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How to Attract Birds in St. Paul or Minneapolis, MN Year-Round

Feeders, Feeding Birds, Robins

It’s quite easy to attract a variety of birds, even if you live in the city like me (as opposed to the suburbs or country) in St. Paul or Minneapolis, Minnesota. Of course there are some species you’ll never attract, because we simply don’t have the right habitat, but I’m amazed by the ones I see that I thought only people in the country could attract. The key is to have a variety of seed and other feeders, because many species will only eat specific foods. Also, keep your feeders filled year-round, because different birds come at different times of the year!

In this article, I’ll describe what you’ll need in order to attract birds wherever you live, which birds you can attract in the city in St. Paul or Minneapolis, which types of seed feeders and food will attract which birds, which will only eat on the ground, and insect-eaters you can’t attract unless you have the right kind of bird house. Also, towards the bottom, learn why bluebirds and purple martins need our help.

My house in St. Paul is in a family-oriented residential area, far from the suburbs, and our block is often filled with neighbors walking or talking, and children playing outside. There’s even a major, traffic-laden street two blocks from us. But my small back yard has become a bird sanctuary.

I have a variety of feeders there, with several trees and bushes nearby, so birds can feel sheltered enough to swoop down and linger at the feeders or on the ground, and believe me, they do. Occasionally a cat will wander through, but the birds have learned to merely stay in the trees until it leaves. They’re highly attuned to any threats. In fact, sometimes when I glance out my window too quickly, they get startled and fly back into the trees. Yet other times they’ll stay at the feeders while I’m gardening.

WHAT YOU NEED: To attract a variety of birds in St. Paul, MN or in any state, you’ll need a variety of types of feeders – and a bird bath. Ideally, have some trees and shrubs nearby for shelter, but don’t hang your feeders on the branches or squirrels and other animals will not only eat all the seeds, but likely destroy your feeders. Make sure the bottoms of the feeders are at least 5 feet off the ground and not too close to any trees, because squirrels can leap up 6 feet. (Further down, I’ll cover which birds will only eat on the ground, and bird houses that will attract insect eaters.)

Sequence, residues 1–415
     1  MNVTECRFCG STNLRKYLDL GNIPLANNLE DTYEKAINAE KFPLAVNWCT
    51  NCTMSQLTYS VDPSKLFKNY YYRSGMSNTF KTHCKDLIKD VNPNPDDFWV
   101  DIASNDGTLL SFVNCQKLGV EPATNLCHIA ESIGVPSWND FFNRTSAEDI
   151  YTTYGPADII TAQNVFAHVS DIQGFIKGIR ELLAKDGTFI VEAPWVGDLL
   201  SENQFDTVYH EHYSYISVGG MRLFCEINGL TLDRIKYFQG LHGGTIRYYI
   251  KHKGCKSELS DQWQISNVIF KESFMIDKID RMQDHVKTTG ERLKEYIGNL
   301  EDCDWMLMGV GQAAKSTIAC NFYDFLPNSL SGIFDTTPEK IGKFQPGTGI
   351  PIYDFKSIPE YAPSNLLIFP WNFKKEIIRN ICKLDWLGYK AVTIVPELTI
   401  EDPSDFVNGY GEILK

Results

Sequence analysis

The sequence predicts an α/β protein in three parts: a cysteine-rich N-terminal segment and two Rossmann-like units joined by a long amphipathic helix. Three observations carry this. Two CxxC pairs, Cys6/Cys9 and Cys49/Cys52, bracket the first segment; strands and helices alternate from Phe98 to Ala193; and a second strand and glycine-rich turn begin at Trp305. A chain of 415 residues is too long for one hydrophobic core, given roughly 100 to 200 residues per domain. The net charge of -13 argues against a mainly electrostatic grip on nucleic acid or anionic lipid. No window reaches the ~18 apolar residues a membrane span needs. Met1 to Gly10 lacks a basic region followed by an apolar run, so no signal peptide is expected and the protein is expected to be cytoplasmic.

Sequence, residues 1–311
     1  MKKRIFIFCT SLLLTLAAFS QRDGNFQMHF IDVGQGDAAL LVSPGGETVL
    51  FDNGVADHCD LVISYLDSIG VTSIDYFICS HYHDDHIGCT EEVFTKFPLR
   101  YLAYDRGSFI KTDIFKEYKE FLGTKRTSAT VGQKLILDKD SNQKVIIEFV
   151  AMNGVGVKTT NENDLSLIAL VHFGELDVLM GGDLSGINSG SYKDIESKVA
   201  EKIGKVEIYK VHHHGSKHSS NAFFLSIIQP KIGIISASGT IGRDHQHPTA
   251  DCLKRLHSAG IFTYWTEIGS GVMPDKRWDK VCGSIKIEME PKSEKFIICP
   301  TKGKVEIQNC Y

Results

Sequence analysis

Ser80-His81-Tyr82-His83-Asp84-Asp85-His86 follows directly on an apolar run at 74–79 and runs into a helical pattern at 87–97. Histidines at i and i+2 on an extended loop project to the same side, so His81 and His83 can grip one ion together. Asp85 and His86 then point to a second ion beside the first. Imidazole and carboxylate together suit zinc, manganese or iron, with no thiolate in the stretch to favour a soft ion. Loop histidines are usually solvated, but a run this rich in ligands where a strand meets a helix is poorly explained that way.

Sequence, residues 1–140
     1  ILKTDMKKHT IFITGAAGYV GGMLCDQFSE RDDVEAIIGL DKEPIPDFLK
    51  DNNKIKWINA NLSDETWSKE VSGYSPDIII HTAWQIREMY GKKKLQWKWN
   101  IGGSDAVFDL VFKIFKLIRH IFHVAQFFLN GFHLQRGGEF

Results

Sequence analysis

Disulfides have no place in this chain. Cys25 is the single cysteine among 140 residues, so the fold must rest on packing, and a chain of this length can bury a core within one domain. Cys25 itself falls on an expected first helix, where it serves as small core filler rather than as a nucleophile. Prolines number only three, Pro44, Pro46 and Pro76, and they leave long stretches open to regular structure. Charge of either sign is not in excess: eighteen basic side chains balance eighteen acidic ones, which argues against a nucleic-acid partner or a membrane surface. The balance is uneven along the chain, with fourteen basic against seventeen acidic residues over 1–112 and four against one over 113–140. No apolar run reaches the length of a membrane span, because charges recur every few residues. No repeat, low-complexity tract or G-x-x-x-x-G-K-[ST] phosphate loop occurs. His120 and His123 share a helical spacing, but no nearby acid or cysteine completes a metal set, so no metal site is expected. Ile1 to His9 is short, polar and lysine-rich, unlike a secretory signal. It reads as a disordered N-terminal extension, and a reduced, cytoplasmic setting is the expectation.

Hanging different kinds of feeders from “shepherd poles,” which come with “arms” and usually can be found wherever plants and bird seed are sold, works best. To stop squirrels from climbing them, you can attach a baffle (cone-shaped disk) that fits on the pole. You can also extend a thin, strong wire or rope across your yard to hang some feeders.

A SAMPLING OF SEED FEEDERS you should have, AND OTHER FEEDERS you can try: What best attracts a variety of birds for me is a feeder with an all-around mixture of seeds, another only for sunflower seeds (black oil), yet another for thistle seeds, and a suet feeder, which should all be kept filled year-round because different birds come at different times of the year. Although these are the main feeders you should have to attract seed-eating birds in the city in St. Paul, there are other seeds you can try in their own feeders too, which I cover further down. (If you look closely, you can distinguish seed-eating birds by the shape of their beaks. Cardinals are a perfect example.) For birds other than seed-eaters, you can try hummingbird and oriole feeders, which I also cover later, besides suggestions for birds that only eat off the ground, and insect-eating birds that will only come if you have the correct kind of bird house.

Important: When you buy any feeder that’s boxed, look inside while you’re at the cash register to make sure all the parts are there! Usually they’re listed on the side of the box. For example, for hummingbird feeders there should be a top “bowl” and bottom feeder, flowers around the feeding ports, some type of string to hang the feeder, and on oriole feeders, perches (ladders) for the birds to rest on.

DON’T FORGET A BIRD BATH! This will attract more types of birds, even if they don’t use your feeders, because birds need water. It doesn’t have to be fancy, just far enough off the ground and fairly roomy. I see birds galore in ours, flapping their wings to bathe or taking a sip, then holding their heads up so the water will run down their throats. Just remember to keep it filled during dry spells, and in the early spring and late fall if there isn’t much rain. Also, once a week dump the old water and replace it with fresh. Not only will this remove any debris, but you won’t have to worry about hatching mosquitoes.